(Dedicated to those who made our travels unknowingly memorable)
One of the many expressions our middle school Math teacher expounded was of one-real moments. What he meant by this is that he will hint at a Math problem only once, and if you caught it good for you, and if not then fend for yourself.
The expression somehow stuck in my head and I often used it for people who I meet all but once in my life, like the reel of an analog camera, which once clicked, cannot be retrieved again. I meet them at parks, while taking shelter from the rain, in smoking rooms, on train journeys, while scrambling for WIFI at airports. They make me laugh and wonder, make my journey a little more special and disappear from my life, like I do from theirs.
Some stay, like my husband who I had also documented in my mind under ‘One reel people’ 7 odd years ago. Life surprises.
On my first solo trip to Spiti, a small Indian valley in the Himalayas, I found myself struggling to sleep in the 900-year old Ki Monastery. It was only 8:30 pm. I decided to walk a little on the porch as the night sky was brilliant and other than occasional gusts of wind crawling up the monastery walls, it was silent. The grand naked mountains stared at me like they knew all of my secrets. That’s when I met the Stranger without a Face. I call him so because in the one hour that we spoke about our countries, shamans, education, the Milky Way and poverty I could not once figure out what he looked like. It was only the next day when I reached the main town of Kaza that I realized the oddness. Though I fervently considered getting on the next bus back to the monastery to see what the person’s face, I let it lie. Firstly, because I would come across as a crazy stalking lady and secondly, I saw some twisted romance in not knowing.
Years ago when Diego and were only 15 days into the relationship we decided to go to Pushkar on his bullet under the ruthless North Indian summer sun. I wasn’t well travelled, you’d know it the moment I tell you this – I hopped onto the unreliable second Royal Enfield Bullet without a helmet, sunscreen, proper biking costume et al to pillion ride 600 kms on uncertain Indian roads.
I was just 21 and deliriously in love.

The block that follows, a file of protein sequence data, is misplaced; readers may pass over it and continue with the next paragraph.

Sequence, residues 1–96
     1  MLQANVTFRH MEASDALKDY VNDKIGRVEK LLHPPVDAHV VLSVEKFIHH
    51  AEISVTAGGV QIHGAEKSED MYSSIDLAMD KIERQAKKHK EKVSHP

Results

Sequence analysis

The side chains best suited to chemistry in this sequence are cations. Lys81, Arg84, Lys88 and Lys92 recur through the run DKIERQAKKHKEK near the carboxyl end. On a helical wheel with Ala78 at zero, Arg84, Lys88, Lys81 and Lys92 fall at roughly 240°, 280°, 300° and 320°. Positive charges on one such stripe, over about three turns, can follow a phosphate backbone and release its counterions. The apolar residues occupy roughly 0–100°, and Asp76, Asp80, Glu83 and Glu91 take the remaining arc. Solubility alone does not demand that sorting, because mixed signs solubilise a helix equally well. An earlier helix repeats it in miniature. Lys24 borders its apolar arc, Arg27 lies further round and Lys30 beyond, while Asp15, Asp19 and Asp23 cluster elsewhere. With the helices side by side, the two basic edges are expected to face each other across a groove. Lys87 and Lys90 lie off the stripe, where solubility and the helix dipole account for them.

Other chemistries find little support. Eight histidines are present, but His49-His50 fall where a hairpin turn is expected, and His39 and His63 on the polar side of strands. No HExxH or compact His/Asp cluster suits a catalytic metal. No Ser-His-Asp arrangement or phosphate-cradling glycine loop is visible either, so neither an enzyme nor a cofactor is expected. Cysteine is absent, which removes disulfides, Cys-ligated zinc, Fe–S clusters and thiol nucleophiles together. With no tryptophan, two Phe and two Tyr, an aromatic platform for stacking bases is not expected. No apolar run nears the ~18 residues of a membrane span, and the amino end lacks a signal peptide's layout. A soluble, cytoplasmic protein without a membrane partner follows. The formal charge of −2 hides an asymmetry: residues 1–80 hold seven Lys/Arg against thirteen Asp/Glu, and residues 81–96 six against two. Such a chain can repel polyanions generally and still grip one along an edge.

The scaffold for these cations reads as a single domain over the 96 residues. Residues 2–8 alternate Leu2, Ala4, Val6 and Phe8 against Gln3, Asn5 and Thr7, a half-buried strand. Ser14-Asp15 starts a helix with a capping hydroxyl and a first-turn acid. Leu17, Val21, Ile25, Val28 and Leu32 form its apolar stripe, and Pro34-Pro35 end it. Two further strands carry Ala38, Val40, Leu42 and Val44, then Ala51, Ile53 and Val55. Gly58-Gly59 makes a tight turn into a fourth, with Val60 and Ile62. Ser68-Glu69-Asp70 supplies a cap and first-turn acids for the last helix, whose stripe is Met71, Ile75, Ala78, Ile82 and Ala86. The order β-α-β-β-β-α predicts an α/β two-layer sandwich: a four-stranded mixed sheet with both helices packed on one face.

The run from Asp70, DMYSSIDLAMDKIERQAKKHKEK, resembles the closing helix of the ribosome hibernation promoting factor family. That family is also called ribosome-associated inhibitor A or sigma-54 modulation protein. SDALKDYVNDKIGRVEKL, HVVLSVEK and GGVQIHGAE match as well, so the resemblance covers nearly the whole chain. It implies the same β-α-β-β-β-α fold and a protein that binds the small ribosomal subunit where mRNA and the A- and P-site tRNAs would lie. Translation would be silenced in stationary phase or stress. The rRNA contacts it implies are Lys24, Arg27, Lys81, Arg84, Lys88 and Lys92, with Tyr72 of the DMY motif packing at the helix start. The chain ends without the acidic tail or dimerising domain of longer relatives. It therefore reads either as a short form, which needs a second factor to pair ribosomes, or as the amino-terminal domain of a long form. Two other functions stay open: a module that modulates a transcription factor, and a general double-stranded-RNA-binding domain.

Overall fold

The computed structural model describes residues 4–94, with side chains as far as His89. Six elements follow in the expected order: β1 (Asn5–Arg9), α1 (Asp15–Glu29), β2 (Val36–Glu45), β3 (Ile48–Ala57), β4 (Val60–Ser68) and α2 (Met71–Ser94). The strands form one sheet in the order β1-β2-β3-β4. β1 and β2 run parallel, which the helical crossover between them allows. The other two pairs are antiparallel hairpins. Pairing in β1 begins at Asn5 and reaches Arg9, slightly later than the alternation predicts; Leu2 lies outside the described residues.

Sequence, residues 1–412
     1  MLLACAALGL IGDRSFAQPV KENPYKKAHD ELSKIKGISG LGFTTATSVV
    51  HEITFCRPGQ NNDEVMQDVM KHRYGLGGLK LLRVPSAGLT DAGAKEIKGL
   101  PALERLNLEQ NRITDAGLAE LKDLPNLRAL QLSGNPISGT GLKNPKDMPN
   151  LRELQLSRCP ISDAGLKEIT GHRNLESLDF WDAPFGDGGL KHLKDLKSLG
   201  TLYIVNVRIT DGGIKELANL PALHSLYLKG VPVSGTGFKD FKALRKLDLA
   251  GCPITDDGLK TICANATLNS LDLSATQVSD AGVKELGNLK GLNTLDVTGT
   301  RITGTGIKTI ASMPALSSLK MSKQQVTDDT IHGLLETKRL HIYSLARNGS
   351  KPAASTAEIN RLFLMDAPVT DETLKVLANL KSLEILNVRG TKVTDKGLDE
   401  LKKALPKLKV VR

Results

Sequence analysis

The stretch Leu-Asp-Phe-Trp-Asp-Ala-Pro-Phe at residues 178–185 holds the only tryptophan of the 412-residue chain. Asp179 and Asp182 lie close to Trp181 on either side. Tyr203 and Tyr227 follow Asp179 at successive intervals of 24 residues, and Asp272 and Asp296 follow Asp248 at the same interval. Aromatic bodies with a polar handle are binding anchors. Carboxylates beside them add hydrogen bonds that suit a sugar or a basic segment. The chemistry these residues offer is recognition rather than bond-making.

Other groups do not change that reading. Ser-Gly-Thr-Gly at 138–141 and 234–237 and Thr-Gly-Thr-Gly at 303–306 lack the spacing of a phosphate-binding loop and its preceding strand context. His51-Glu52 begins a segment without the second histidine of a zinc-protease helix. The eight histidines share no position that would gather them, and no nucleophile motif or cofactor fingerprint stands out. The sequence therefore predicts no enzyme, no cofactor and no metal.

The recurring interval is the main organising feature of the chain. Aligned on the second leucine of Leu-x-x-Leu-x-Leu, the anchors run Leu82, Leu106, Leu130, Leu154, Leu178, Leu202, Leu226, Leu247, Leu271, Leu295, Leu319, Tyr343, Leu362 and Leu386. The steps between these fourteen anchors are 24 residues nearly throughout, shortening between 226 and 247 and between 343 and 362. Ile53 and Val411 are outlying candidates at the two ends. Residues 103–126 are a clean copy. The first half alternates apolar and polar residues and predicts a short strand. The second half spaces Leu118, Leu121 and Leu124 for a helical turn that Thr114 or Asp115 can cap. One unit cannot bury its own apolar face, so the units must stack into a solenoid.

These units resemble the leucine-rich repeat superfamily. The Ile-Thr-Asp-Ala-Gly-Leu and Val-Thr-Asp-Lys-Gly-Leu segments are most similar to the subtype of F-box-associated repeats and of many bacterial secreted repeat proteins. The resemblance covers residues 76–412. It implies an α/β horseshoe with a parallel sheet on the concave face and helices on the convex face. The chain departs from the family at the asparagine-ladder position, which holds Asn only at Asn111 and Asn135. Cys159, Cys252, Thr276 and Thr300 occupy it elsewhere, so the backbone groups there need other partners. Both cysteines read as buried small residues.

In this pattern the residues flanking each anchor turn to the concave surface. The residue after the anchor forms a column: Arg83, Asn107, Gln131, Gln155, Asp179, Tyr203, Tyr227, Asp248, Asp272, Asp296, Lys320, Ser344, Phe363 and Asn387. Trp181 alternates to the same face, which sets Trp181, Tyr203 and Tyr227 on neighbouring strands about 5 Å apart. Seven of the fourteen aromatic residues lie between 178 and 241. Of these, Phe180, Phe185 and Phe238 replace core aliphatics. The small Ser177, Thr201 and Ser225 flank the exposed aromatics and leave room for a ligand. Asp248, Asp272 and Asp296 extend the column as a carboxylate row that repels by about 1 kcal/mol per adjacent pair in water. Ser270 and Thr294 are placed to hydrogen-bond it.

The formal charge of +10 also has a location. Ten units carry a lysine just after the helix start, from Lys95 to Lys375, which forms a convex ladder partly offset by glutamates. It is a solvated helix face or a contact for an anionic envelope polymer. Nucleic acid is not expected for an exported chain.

The bike, keeping with its reputation, broke down several times on the way and heavy rain pricked our skin. One of our hurried shelters from sudden rain was an abandoned house off the highway. The first glimpse of the house, with it broken windows and peeling paint, sent a cold shiver down my spine but there wasn’t anywhere else to go. Once we entered we saw that the house had more people – a dozen of men huddled together, probably construction workers also taking shelter. If you are a woman and have stayed in India you’d know how this could play out. It could mean assault, robbery, murder, or all of them.
But instead these were Men Who Offered Tea and were far more interested in knowing the white man amongst us (Diego). So while the sky was overcast and rain formed puddles around the house, we sipped on milky tea, talked about us, questioned them on the homes they have left behind, listened to wet car tires squealing away on wet highway when we were listen, took a photo of them with Diego which they happily approved of. I secretly thanked my stars.
When the rain stopped we bid adieu to our friends and I wondered – perhaps they’re not all like that?
On our recent visit to India we met the most The Couple in Fort Kochi. The lady was as beautiful as Eastern European women are famed to be, wore a long backless silk dress she claimed to have bought for 200 euros, had beautiful wavy hair and smoked her Marlboro in the most delicate swigs. She was travelling around the country for the first time alone and was in absolute love with the chaos of India. It was endearing to hear her speak in her heavy Eastern European accent of the times she was scared, the sights that took her breath away and about her travel plans. I was often distracted by the way her trinkets shone under the light of the fishermen boats. The boyfriend, from Tel Aviv, was as full of life like the city itself. He was brimming with life and jokes. It was under the haze of beers and balmy sea breeze with two unfamiliar people that we had one of our most memorable dinners of whole trip.
We were literally thrown out of the restaurant and we said our goodbyes. When I turned back to have a last look I saw them laughing and chasing one another in the empty streets of Fort Kochi, her dress slithering along.
Too safe is sometimes too safe. I do not know where the line begins and ends, but the times I have stepped out of my comfort zone and interacted with complete strangers, are the moments that stand out in my travels. Guards down, ego silenced, high heels kicked off, ready to marvel. And in the end even though they take a left, while I go right, I owe it to them for making my journey richer.
It’s in those intersections that I have fearlessly lived my life.